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08-27-07, 07:17 AM #1
ID of Korean War remains may end family's wait
ID of Korean War remains may end family's wait
By Chris Kenning
In December 1950, Donald Morris Walker was a 19-year-old Marine from Louisville hunkered down at the Chosin Reservoir, surrounded by 60,000 Chinese troops who had poured across the border and into the Korean War.
With temperatures below zero at night, Walker and his fellow overwhelmed U.S. troops became locked in a desperate two-week battle that would claim Walker's life.
He was buried in a Hungnam cemetery that soon fell behind enemy lines. Four years later, North Korea returned some U.S. remains to Hawaii, but Walker's could not be found. However, some unidentified remains were interred in a military cemetery in a volcanic crater in Hawaii.
Now, after decades of uncertainty among his relatives, military forensic investigators recently said they believe they are close to identifying his remains and returning them to his family.
Walker's Louisville niece, Carolyn Walker, who works in a preschool in Floyd County, Ind., said the family may try to have him buried at Arlington National Cemetery outside Washington, D.C.
"My mother told me my uncle died," said Stewart, but relatives were left with "a lot of questions."
If a final identification using DNA and other methods is made, it would be the second person from Louisville in recent years to be identified among the more than 80,000 Americans missing from conflicts dating to World War II.
In 2004, the remains of Louisville pilot Norman Schwartz were returned to U.S. soil -- 50 years after he was shot down over China while flying a secret CIA mission to pick up a western spy.
It's the job of the military's Joint POW/MIA Accounting Command -- the world's largest forensic anthropology lab. The unit recovers and identifies as many as 100 remains each year in a painstaking, years-long process that can involve diplomatic negotiations, research, expeditions and laboratory identification.
"There is such a long period of time when there's no information," said Ted Barker, administrator of the nonprofit Korean War Project, which helps connect former units and obtain services for vets.
Stewart said before the military contacted her family, she had only sketchy details about her uncle, because some closer relatives had passed away.
Military records show that Walker, born April 16, 1931, in Louisville, enlisted March 28, 1950. A private first class, he was assigned to the Marine's 1st Service Battalion of the 1st Marine Division. Such support companies drove trucks moving loads of ammunition, rations and fuel.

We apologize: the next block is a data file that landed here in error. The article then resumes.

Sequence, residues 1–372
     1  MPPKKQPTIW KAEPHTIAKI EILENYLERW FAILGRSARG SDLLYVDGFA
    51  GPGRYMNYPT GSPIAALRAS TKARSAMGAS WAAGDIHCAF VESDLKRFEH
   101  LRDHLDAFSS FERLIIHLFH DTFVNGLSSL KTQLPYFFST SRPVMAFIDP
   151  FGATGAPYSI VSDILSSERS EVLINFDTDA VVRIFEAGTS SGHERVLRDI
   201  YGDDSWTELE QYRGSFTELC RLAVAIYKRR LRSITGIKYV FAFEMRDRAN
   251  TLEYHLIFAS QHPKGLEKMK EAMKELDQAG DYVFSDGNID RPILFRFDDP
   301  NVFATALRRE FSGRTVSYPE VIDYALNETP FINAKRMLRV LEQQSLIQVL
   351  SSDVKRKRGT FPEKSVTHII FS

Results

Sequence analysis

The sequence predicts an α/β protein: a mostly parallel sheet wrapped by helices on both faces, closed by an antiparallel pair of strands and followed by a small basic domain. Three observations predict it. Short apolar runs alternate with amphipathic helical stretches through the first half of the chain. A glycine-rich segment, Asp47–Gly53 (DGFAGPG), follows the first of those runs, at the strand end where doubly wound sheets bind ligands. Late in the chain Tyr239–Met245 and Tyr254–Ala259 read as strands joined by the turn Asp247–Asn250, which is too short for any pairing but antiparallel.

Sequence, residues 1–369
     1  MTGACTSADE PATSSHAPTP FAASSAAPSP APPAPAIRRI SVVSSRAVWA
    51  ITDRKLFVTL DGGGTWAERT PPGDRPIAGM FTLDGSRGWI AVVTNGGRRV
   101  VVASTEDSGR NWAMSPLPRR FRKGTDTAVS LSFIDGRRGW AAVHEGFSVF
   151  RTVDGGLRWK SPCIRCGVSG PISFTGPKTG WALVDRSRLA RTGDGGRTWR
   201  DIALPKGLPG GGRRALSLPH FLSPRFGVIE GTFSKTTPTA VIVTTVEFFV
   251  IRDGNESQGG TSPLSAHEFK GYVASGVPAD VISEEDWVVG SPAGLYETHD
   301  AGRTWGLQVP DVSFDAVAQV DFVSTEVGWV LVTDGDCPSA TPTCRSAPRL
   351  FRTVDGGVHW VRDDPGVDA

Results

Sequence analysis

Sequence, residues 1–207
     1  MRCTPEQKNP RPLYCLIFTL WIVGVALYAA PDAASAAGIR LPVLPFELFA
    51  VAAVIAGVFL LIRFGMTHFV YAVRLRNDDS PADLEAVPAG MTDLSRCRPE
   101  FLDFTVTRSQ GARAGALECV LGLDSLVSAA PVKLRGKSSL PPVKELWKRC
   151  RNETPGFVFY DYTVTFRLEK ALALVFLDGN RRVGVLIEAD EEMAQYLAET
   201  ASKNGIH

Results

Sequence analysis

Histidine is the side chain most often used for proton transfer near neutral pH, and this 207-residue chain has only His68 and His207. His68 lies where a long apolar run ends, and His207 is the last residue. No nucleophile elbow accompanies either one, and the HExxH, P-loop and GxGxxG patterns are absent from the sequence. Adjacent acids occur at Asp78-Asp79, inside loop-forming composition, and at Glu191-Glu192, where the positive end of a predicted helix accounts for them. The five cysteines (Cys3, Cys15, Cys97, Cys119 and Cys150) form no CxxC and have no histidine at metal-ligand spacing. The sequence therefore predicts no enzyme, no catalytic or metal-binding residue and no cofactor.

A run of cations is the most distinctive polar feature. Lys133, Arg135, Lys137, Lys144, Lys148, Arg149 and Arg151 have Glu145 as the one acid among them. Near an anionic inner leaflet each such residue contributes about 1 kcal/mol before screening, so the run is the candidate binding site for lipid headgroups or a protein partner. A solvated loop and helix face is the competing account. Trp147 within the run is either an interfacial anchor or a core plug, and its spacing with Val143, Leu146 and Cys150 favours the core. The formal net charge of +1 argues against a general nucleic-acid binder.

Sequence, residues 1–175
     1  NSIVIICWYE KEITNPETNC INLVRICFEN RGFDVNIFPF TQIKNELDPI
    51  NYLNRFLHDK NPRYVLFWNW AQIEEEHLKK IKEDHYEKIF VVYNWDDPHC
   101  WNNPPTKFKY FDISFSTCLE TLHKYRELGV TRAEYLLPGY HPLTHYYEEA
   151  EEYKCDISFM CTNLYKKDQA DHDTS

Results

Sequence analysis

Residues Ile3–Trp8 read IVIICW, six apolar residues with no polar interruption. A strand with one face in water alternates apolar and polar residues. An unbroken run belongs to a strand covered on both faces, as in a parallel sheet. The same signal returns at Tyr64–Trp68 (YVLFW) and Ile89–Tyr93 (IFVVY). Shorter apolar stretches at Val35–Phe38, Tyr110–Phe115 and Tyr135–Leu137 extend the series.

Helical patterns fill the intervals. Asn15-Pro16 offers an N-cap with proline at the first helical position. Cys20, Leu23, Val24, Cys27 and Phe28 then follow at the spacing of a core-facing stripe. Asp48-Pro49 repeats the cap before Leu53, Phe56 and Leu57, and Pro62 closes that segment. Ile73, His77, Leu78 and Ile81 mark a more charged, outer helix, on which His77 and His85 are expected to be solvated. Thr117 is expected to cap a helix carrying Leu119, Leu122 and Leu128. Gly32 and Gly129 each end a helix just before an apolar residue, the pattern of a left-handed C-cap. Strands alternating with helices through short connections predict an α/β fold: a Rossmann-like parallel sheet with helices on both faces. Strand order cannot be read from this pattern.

Just months after his enlistment, he was shipped off to respond to North Korea's 1950 invasion of South Korea. In September of that year, U.S. troops landed at Inchon, cutting off North Korean troops and recapturing Seoul.
As Gen. Douglas McArthur pushed northward near the Chinese border on the Yalu River, China made good on warnings that it would intervene, sending hundreds of thousands of troops over the border. U.S. forces quickly found themselves overwhelmed and were sent into a long retreat.
At the Chosin Reservoir, the 1st Marine Division and some U.S. Army units were vastly outnumbered by Chinese troops. Adding to the misery was cold so bitter that it froze water canteens, made it impossible to sink tent pegs into the frozen ground and caused frostbite.
During the fierce fighting, most troops -- including support troops -- were pressed into combat, Barker said.
Walker died Dec. 7 -- on the second of a two-day period when hundreds of Marines were killed, wounded or went missing in action, according to reports. U.S. Marine records say he was struck in the head with a missile during combat, though records from the Joint POW/MIA Accounting Command showed he died of a gunshot wound.
On Dec. 13, six days later, he was buried in Hungnam as the Marines battled their way to the city's port to be evacuated by sea. When the war ended in 1953, the area fell under North Korean and Chinese control.
"Walker was killed and buried by U.S. forces. He was killed in action, but his remains were never returned to the family," said Brian Desantis, a joint accounting command spokesman in Hawaii.
The United States was allowed to exhume the graves in 1954 under "Operation Glory." From the area that Walker was buried, about a half-dozen remains couldn't be identified. They were considered unknown soldiers for decades.
But a recent increase in identifications, the result of what Barker said was a burst of funding that helped expand staff, led the military to eventually identify the other soldiers.
Investigators figured it was likely that the last set of remains belonged to Walker. Although some tests are pending, circumstantial evidence suggests "it is likely who we think it is," he said.
A DNA sample from the remains has been sent to the armed forces DNA lab in Blackville, Maryland. A sample from the family has been submitted to the same lab. In addition, the military is using a technique that superimposes a digital photo of a soldier onto the digitized skull.
Stewart said she would like to have his remains buried in Arlington National Cemetery to honor his service, which garnered him a list of citations and medals including the Combat Action Ribbon, United Nations Service Medal and the Purple Heart.
Still, the family is waiting for final word.
"We asked -- are you sure?" Stewart said, recalling the officials promised to let them know as soon as tests were completed, which Desantis said could take weeks or months.
Reporter Chris Kenning can be reached at (502) 582-4697.
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